Planning to backpack Thailand? It’s important to be aware of culture in Thailand and how visitors can show respect to locals and their customs and traditions. For the last three years I have been trying to understand the strange, alien behaviour that can be part of culture in Thailand! Some aspects are amusing, others infuriating but I’m always learning more!
DISCLAIMER: sweeping generalisations and talking about Thai people like everyone is the same is clearly not ok. These are some things I’ve found to be true…and wish visiting tourists would take note!
- Don’t point the soles of your feet at people. Especially Buddha! To respect local culture, if in a temple, sit mermaid style or cross-legged. Particularly do NOT stretch your legs out in a tuktuk and point your shoes at the driver (my personal peev!). Moving things with your feet is also frowned upon.
- Don’t wear shoes into someone’s house. This also applies to certain shops where the owners live in or above it. If you see flipflops outside a small convenience store on an island then do the same.
- Cover your shoulders and knees when you are in a temple. This applies to both men and women #equality
- Ask at least 3 people for directions. Thai people don’t like to lose face and admit they don’t know something, so will tell you the WRONG directions to not cause themselves embarrassment. Yes, unhelpful. Yes, annoying. But kind of endearing as well? Just me?
- Thais HATE rain. It is not uncommon to see adults with paper bags on top of their heads in rainy season and no-one is laughing at them. (except me…and I’m already soaked!)
- The Thai Walk: If you walk fast people will think you are mad. Also I really feel that people know I’m behind them and start walking in a zigzag so I can’t overtake. ( yes I’m paranoid…and often late ha!) Slow down and walk at ‘market shopping pace’.
- Generally confronting people, shouting, losing your temper will only reflect badly on you (as in most cultures I assume!). Try to be patient, explain the situation and KEEP CALM (jai yen as the Thais say).
- Bangkok Traffic – plan your day around rush hour traffic! Generally 6-9am and 4-8pm.
- Visiting zoos/tiger temples/elephant riding camps – BIG no no and you are just funding animal abuse. Read reasons why
- Bitching about the difference between ‘Thai price’ and ‘foreign prices’. If you know one of these people then please enlighten them. The average local Thai salary is 300 baht a day. I personally think it is fantastic that so many tourists in Thailand are Thai and it is because of these low prices that people can afford to travel in their own country.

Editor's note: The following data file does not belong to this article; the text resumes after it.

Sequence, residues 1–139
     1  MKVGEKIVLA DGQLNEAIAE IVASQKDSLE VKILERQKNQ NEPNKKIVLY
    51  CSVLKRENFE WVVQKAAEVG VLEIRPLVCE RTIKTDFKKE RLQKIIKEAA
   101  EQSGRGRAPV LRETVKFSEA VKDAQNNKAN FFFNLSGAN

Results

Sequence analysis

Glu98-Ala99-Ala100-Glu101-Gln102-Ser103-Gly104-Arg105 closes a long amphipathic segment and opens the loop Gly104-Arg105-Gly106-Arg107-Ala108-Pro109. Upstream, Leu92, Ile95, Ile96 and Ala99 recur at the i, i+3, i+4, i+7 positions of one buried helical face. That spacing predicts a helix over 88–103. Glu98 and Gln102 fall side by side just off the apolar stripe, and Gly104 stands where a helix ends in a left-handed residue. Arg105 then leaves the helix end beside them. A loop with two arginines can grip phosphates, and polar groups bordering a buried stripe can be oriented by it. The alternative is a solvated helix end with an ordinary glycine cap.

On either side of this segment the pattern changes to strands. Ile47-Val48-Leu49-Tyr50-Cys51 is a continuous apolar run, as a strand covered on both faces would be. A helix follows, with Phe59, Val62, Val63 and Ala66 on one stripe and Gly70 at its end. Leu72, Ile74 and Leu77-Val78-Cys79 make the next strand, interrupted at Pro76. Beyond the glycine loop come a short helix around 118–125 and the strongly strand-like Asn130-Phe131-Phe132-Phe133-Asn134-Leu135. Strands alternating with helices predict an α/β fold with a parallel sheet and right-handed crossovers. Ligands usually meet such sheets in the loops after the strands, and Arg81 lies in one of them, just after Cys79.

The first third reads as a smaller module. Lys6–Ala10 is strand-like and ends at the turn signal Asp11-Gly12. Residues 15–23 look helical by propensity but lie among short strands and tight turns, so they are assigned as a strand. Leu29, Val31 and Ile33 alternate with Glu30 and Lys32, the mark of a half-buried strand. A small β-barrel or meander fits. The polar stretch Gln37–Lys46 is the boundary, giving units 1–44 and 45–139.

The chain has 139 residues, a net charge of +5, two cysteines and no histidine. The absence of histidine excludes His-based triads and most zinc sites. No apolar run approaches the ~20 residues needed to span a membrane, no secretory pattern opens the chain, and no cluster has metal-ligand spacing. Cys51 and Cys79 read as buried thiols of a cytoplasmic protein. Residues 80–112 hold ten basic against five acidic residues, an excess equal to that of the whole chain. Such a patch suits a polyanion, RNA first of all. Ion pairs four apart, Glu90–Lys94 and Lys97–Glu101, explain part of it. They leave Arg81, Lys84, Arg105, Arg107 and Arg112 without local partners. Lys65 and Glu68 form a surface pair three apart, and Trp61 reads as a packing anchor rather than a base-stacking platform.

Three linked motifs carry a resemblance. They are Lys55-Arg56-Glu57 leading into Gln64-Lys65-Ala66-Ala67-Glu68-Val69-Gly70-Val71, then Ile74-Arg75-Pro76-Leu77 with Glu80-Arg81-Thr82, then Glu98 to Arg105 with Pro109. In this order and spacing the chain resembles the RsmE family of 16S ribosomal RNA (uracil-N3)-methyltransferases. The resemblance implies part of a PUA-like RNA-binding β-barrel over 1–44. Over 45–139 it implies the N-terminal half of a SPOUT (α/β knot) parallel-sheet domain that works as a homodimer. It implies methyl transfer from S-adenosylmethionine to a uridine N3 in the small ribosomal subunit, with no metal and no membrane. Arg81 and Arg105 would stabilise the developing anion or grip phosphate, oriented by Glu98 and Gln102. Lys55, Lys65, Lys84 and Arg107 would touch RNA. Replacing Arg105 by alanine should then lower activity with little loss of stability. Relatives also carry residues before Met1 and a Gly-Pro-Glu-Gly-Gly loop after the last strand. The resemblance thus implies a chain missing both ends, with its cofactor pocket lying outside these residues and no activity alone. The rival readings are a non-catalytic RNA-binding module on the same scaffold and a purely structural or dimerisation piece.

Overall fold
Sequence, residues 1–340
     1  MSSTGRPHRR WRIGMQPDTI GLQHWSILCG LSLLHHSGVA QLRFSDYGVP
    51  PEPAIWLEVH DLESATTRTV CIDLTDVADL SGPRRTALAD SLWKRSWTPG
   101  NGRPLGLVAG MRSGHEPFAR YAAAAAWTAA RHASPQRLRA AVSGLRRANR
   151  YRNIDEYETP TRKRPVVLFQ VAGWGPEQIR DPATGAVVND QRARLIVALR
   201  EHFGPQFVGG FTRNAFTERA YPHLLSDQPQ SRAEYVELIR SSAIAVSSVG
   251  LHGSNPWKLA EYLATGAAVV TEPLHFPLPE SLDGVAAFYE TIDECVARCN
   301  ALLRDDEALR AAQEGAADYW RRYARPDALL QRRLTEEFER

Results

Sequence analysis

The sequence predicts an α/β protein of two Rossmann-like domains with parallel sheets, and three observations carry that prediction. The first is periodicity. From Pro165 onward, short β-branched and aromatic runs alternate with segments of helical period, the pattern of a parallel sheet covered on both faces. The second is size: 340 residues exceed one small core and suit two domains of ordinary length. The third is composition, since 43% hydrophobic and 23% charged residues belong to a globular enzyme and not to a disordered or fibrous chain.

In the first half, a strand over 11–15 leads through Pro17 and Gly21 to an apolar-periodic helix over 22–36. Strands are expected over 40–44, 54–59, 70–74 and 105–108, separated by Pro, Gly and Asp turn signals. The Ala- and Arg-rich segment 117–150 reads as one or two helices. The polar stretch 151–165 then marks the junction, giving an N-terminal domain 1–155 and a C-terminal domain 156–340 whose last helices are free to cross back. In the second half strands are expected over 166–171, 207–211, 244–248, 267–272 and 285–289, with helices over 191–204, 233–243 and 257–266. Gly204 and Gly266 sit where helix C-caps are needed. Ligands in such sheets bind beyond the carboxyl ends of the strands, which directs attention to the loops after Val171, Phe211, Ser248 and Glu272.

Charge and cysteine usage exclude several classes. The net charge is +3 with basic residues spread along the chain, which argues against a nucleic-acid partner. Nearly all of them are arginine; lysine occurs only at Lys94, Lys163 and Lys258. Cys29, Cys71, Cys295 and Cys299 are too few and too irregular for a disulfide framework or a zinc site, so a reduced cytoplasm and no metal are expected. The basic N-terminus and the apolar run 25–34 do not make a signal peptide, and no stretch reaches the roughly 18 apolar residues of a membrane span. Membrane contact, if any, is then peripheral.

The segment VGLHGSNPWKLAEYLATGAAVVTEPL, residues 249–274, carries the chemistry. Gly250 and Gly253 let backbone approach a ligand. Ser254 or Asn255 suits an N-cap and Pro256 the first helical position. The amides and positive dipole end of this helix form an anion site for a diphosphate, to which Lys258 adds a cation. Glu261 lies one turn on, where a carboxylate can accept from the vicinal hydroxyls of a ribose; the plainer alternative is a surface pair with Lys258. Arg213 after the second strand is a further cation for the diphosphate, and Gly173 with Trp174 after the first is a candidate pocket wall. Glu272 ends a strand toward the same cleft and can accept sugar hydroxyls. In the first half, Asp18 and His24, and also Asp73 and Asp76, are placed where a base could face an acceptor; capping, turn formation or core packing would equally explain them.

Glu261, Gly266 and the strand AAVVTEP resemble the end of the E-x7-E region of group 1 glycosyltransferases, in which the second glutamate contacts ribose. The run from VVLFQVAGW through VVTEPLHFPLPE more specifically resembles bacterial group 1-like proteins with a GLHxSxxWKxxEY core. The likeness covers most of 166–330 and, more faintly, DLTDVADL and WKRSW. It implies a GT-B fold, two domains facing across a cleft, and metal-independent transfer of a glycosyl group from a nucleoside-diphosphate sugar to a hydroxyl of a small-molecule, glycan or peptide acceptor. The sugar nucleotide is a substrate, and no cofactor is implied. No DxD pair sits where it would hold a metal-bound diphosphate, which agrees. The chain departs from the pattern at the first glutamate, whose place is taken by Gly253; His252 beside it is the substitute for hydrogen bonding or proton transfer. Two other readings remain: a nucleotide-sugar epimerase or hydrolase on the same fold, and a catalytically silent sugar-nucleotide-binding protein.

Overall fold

- Haggle with a smile. Shopping in Thailand is a pleasure and I find it frustrating to see tourists getting angry in markets. I used to dread haggling when I first arrived in South East Asia and now I’m in my element at JJ market, even haggling in Thai! Keep things light, smile and never go less than half the offered price. See more on JJ market shopping. Read more about Bangkok markets and more
- Haggling TOO MUCH. You will offend people and ultimately think about what the item is worth and what you are happy to pay. This is a developing country and people need to make a living.
- Treating Thailand like it is your own country. I see this over and over again. Tourists with no respect for local culture, customs, traditions and religions.
- Taking Bangkok taxis who refuse to use the meter. Don’t do it. It is illegal. Just laugh at their inflated price and take another one. My record is 10 taxis before ONE of them would take me home. Perseverance is key! 😉 More on Travel in Thailand here
- Taking taxis in Phuket. Very over-inflated prices and I’ve heard rumours about who pockets the money and it’s not the taxi drivers. Try and take minivans or songtaews (trucks).
- Smiling – Thailand’s nickname is indeed the Land of Smiles. However, I found it VERY useful once I realised that people don’t always smile because they are happy but also because they are embarrassed, uncomfortable or confused!
- Criticising the Monarchy or, for that matter, the government at the moment can get you on very dangerous ground. I’m talking jail time.
- Tipping – a little for you and a lot for them. If in doubt go for 20 -50 baht for taxis/restaurants.
Any cultural quirks or differences you’ve picked up on in Thailand?